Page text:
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#194636 - 06/14/10 04:31 PM Grounding a swimming pool  
theelectricman  Offline
New Member
Joined: Jun 2010
Posts: 3
Akron, OH
My family just got a used pool off of craigslist and when we were taking it down it had 2 grounding rods. One for the pump and the other was connected to the pool itself. I can understand why the pump needs to be grounded but why are the sides of the pool grounded. When we were taking it down the people told us that during a thunderstorm they were swimming in it. Is this logical to do since electricity cannot be carried through plastic.


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#194637 - 06/14/10 05:13 PM Re: Grounding a swimming pool [Re: theelectricman]  
HotLine1  Offline


Member
Joined: Apr 2002
Posts: 6,872
Brick, NJ USA
Just a suggestion...
Hire a professional licensed electrical contractor!



#194646 - 06/14/10 10:24 PM Re: Grounding a swimming pool [Re: HotLine1]  
gfretwell  Offline


Member
Joined: Jul 2004
Posts: 9,123
Estero,Fl,usa
There is no good reason to drive rods for a pool, only misunderstanding the rules.

I am assuming this is above ground.
Is it vinyl liner?
Is it metal frame?
Quick question to figure out what you bought.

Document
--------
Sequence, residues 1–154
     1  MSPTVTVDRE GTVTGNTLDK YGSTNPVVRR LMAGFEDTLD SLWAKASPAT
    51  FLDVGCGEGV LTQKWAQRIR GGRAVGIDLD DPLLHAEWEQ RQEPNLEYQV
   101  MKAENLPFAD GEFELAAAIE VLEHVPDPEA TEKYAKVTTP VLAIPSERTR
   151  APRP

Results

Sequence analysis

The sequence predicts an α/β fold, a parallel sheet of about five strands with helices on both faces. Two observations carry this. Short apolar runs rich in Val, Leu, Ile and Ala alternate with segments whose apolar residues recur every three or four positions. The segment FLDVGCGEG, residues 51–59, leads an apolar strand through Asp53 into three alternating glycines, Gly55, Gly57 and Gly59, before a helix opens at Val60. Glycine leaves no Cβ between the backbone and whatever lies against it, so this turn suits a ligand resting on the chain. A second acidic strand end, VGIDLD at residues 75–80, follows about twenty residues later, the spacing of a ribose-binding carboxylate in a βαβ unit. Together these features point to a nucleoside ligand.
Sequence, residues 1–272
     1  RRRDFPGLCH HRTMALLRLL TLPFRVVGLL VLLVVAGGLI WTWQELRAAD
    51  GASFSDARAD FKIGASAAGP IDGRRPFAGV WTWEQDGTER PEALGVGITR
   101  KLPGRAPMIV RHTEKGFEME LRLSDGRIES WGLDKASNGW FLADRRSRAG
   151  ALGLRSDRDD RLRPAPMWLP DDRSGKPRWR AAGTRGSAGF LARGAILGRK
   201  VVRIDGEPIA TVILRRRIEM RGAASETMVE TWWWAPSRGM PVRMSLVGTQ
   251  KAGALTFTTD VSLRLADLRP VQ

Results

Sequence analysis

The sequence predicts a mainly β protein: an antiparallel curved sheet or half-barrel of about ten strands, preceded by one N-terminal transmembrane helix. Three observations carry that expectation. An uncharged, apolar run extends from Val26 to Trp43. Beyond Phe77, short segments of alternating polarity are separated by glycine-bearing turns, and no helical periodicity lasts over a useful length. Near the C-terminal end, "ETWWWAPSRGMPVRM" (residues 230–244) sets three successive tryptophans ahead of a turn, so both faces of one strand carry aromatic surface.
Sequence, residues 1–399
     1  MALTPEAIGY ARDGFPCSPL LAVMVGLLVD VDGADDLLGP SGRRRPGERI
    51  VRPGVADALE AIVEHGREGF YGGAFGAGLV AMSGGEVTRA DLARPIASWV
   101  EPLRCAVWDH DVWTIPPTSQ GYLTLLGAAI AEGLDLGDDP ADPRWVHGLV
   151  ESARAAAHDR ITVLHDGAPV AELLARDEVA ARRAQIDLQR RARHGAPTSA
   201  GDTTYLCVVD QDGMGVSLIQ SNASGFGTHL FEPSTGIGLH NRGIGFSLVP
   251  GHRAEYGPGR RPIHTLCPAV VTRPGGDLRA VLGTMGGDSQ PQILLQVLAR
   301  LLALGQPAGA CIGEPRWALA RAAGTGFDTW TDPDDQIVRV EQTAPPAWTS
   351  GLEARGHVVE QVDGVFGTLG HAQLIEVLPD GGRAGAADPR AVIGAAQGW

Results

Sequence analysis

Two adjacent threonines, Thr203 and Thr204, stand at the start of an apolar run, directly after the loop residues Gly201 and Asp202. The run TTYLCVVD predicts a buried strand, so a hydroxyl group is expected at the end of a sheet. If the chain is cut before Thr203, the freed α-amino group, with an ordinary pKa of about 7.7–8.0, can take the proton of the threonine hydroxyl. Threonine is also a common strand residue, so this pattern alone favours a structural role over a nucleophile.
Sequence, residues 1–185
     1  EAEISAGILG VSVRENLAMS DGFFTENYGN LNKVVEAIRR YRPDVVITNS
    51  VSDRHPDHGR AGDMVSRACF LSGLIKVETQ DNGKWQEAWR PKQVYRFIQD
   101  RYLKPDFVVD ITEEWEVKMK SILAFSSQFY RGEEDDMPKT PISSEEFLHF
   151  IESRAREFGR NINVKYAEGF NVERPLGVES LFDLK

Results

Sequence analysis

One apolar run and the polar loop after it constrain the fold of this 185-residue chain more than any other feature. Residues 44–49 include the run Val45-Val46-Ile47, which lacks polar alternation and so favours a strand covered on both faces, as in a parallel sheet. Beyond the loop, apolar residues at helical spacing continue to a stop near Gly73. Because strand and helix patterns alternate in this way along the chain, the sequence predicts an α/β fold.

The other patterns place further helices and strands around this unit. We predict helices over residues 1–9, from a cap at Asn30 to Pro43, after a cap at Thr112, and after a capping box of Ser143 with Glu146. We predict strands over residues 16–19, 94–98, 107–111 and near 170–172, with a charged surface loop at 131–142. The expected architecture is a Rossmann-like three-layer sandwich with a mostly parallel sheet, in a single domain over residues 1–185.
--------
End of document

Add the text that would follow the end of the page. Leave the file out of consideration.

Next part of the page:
What does the label say on the pump? Does it say "for permanent pools" or "for storable pools".

That makes a big difference in how you install it.

Storable pumps come with 25' cords and are really designed for homeowner setup. Permanent pools can get a lot more complicated and are designed for professional installation.

No matter what, I am sure you know you need GFCI protected outlets out there and keep the pool >6' away from the closest one when you set it up. The hitch in using an existing circuit for the pump is permanent pool branch circuits need an insulated 12 gauge ground (not the bare wire in UF)
Bonding is another issue. All metal within 5' of the pool needs to be bonded to all the other metal, including the cases of all electrical equipment and any paved surfaces. You do this with 8 gauge solid copper wire. Now you also have to bond the water.
This gets relaxed quite a bit with storable pools since you should be using all double insulated equipment listed for the purpose that might not have bonding lugs.

John is right about getting a licensed electrician. Pools are a different breed of cat and the hazards are multiplied by people, water and electricity in the same place. If there is no light and the pump is the only equipment you may only be buying one circuit with a pool compliant twist lock receptacle and a bond wire. The pro won't cost you that much. You can save some money by digging in the conduit yourself. Just be sure to leave it open until it gets inspected. I haven't seen many electricians who fight to dig in the summertime. wink
No matter what, buy the pool permit and get it inspected. That will keep you out of trouble with code enforcement (the nosy neighbor police) and give you some confidence that it was done right.
In most places that have "owner builder" permits, the inspectors will help you if you do insist on doing this yourself but we can't advise that here.


#194648 - 06/15/10 10:25 AM Re: Grounding a swimming pool [Re: gfretwell]  
HotLine1  Offline


Member
Joined: Apr 2002
Posts: 6,872
Brick, NJ USA
Greg, you cavered it all, just note that here in NJ the AHJs/Inspectors cannot do any 'design' to assist homeowners.





John